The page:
by William A. Niering (1924 - 1999)

How SALT (Smaller American Lawns Today) began

It all began in the early 1970's on a one-acre lot while using one of the noisiest polluting power mowers available and undoubtedly disturbing my neighbor's summer party across the street. "How can I develop a more environmentally friendly home ground with only a small lawn and minimum care?" I pondered. Here is what I did, and I'd like to share with you my experience in decreasing the size of my lawn.

My first step was to create tree/shrub plantings along the property lines.

This was not a gesture of unfriendliness to my neighbors, as we are all friends. Rather it was to create greater privacy and decrease lawn area. In my case, it also included a screen along the road in front of the house. What does one plant, and where do you get the plant material, which can be costly? Fortunately, it can often be salvaged, in part, from vacant lots which are going to be developed or from friends who have extra trees and shrubs. For example, I salvaged red cedars, hemlock, flowering dogwood, and high bush blueberries. I used a mixture of both evergreen and deciduous native and introduced trees and shrubs. Try to avoid single species plantings. My one exception was an arbor vitae tree border which makes an excellent narrow screen where width is limited. Your undulating border plants will begin to define and enclose your property and reduce lawn.

Next, you will need to start on your foundation plantings. They can be expanded in width and include ground covers, perennial flower beds, and your favorite shrub plantings. I have extensive areas of evergreen ground covers (English ivy, periwinkle, and pachysandra) covering areas that were formerly lawn.

SALT Flower Picture
Now let us consider the possibility of a vegetable garden and a natural meadow in part of the back lawn. Choose the sunniest place for the vegetable garden. Tomatoes, beans, peas, squash, and even corn can be included. As few as four hills of corn can cross pollinate and be productive. If raccoons become a problem, chicken fencing is usually effective from my experience. The meadow can take as much of your remaining lawn as you want. There are some people who prefer no lawn, which is ideal! To create the meadow, just stop regular mowing. I was amazed the first year when I had lots of yellow daisy-like hawk weeds flowering, and in the fall lovely reddish-tan clumps of little blue stem appeared. These grasses are showy throughout the fall and especially striking in the winter snow. It was a new and exciting experience and one which has continued for more than two decades. I have watched new plants appear and added those I especially like. If a tree or unwanted shrub seedling appears, like black cherry, oak or ash, etc., I immediately pull or dig it out roots and all. As the grasses and other plants become more dense, fewer woody plants appear. I created a more or less self-perpetuating meadow that only needs to be mowed once or twice a year. Today, after more than 25 years, the meadow is more beautiful than ever. I have added clumps of the native bergamot, a beautiful lavender mint, purple blazing star, black-eyed Susans, ox-eye daisies, and Queen Anne's lace. By mid-July, the meadow is ablaze with color and filled with insects, especially bees, busy with their job of pollination. In the fall and winter, we still enjoy the late maturing clumps of little blue stem grass.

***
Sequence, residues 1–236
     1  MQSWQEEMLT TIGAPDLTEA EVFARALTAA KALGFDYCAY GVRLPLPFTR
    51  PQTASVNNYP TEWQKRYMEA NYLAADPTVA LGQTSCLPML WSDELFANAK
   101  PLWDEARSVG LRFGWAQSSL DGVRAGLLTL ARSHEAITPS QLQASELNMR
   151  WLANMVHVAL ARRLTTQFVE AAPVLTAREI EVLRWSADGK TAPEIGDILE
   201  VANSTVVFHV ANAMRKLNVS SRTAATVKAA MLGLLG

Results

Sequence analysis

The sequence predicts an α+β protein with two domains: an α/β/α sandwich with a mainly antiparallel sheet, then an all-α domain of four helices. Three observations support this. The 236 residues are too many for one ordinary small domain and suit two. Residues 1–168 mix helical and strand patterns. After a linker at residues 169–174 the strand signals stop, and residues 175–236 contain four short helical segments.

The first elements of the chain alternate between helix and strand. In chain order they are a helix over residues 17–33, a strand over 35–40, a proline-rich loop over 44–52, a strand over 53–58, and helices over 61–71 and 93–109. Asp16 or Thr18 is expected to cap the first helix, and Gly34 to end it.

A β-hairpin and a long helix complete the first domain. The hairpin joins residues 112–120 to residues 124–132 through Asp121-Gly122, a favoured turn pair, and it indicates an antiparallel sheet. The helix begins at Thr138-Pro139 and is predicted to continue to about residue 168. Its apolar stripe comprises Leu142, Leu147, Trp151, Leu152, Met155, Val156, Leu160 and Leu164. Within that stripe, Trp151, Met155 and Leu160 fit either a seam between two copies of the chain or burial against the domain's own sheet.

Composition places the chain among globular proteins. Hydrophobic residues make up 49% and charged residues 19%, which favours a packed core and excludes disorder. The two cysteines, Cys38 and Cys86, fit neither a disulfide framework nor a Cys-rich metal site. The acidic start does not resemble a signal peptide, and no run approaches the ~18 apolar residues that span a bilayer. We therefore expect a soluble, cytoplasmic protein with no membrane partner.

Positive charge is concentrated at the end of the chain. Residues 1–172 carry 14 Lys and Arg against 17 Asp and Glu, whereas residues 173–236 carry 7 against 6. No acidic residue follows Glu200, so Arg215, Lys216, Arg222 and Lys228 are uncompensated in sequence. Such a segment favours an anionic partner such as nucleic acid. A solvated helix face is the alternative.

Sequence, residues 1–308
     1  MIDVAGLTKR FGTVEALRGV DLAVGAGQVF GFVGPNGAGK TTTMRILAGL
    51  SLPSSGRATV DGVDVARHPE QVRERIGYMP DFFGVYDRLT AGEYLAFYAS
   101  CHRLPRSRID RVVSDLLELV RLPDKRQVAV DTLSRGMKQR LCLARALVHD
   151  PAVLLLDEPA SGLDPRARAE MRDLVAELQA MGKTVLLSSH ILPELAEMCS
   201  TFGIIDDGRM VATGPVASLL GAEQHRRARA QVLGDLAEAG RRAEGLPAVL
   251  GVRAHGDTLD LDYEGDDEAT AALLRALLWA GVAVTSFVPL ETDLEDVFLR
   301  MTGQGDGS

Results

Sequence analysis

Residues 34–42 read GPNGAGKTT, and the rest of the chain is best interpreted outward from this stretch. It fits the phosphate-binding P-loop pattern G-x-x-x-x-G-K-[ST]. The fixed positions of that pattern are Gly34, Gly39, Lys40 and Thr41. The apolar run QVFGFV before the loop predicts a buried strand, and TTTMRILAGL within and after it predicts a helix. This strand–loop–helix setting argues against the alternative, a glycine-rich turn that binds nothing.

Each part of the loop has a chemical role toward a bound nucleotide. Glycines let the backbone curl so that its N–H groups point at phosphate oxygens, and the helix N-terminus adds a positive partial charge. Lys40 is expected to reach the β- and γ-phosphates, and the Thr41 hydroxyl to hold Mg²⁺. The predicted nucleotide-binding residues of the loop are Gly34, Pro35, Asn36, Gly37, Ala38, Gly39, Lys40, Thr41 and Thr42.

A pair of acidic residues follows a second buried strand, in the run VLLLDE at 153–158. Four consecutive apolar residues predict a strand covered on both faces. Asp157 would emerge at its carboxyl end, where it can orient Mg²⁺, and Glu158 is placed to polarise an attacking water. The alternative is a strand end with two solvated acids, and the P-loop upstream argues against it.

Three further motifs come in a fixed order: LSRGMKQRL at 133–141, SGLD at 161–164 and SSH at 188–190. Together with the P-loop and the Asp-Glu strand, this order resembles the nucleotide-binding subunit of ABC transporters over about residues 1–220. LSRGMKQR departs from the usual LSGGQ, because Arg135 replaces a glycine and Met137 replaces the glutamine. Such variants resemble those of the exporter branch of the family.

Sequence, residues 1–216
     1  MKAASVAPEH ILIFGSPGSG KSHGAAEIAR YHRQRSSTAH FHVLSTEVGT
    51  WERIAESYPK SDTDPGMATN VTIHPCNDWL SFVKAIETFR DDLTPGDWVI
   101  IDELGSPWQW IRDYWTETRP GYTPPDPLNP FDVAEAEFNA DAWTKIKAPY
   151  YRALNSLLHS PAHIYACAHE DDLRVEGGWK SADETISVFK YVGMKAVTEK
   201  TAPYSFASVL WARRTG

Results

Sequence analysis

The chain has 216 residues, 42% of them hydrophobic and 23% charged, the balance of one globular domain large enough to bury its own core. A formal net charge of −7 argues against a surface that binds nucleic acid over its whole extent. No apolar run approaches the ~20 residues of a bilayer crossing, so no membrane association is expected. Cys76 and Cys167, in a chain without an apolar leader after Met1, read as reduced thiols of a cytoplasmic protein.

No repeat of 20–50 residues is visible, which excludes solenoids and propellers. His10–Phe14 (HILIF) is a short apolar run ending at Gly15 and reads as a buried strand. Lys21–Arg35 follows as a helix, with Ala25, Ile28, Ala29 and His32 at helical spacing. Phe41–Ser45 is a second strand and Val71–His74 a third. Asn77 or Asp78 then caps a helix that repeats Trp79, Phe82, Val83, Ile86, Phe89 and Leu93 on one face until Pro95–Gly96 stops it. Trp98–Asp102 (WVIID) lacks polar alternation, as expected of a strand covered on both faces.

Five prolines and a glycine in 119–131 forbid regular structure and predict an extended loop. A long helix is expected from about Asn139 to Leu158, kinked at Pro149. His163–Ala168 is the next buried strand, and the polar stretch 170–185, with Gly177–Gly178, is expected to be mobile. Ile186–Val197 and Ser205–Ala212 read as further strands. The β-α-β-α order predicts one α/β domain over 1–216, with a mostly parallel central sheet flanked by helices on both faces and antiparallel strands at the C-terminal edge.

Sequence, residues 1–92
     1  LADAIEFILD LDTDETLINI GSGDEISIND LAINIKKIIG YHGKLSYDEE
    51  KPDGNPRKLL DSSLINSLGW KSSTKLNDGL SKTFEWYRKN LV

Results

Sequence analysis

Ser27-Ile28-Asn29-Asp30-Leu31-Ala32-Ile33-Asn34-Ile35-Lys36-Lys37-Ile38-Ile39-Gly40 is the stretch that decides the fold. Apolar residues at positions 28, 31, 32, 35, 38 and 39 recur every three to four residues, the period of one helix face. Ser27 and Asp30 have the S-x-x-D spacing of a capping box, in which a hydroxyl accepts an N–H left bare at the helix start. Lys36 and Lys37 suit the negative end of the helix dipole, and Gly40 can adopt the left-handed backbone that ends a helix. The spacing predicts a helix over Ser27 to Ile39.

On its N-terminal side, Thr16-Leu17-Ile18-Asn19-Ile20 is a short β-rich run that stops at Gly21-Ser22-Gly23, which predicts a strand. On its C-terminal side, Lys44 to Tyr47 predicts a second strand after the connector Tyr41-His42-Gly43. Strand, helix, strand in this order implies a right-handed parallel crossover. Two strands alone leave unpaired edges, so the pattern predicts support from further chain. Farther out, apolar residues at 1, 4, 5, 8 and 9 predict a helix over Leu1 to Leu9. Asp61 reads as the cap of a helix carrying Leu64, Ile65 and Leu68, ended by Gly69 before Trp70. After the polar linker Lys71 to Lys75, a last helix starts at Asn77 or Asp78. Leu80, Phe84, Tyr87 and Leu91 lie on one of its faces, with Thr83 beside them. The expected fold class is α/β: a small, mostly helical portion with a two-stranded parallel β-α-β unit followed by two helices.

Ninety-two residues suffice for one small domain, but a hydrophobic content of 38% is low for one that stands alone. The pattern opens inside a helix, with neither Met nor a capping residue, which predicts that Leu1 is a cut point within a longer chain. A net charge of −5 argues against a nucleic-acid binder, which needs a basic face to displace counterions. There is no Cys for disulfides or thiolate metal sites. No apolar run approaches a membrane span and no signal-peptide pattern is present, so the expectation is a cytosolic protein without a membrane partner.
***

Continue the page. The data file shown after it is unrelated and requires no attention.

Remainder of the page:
Ecologically, why is the movement toward naturalistic landscaping important? There are several reasons. With minimum lawn one may abandon the power mower for a reel mower and conserve fossil fuel and prevent air pollution. Commercial fertilizers and lawn pesticides can also be abandoned, and you will have more time to do other things. In addition, you are undertaking a kind of ecological landscape restoration--favoring old fields or meadow habitat, one of the most endangered in the Northeast. You are also increasing bio-diversity--creating habitat for many kinds of other life forms which are becoming increasingly endangered by human activities. By decreasing the size of your lawn with the addition of tree, shrub and meadow habitat, you share your home grounds with a myriad of wildlife, which can also be an added pleasure. Throughout the years, as the diversity of our property has increased, we have found increasing numbers of birds including hummingbirds, rose-breasted grosbeak, towhee and wood thrush, as well as butterflies and beautiful insects.

In an industrial world where natural landscapes are constantly disappearing, you have an opportunity to reverse the trend toward homogeneity or monoculture by creating on your home grounds elements of the natural world that can blend into those natural areas that still exist as self-perpetuating solar, not fossil fuel, subsidized systems. Your naturalistic landscaping will also contribute toward countering climatic warming in the 21st century. Put your lawn mower in moth balls, get a cold drink, and really enjoy your home grounds.

1998 drawing of Niering's home for Smaller American Lawns Today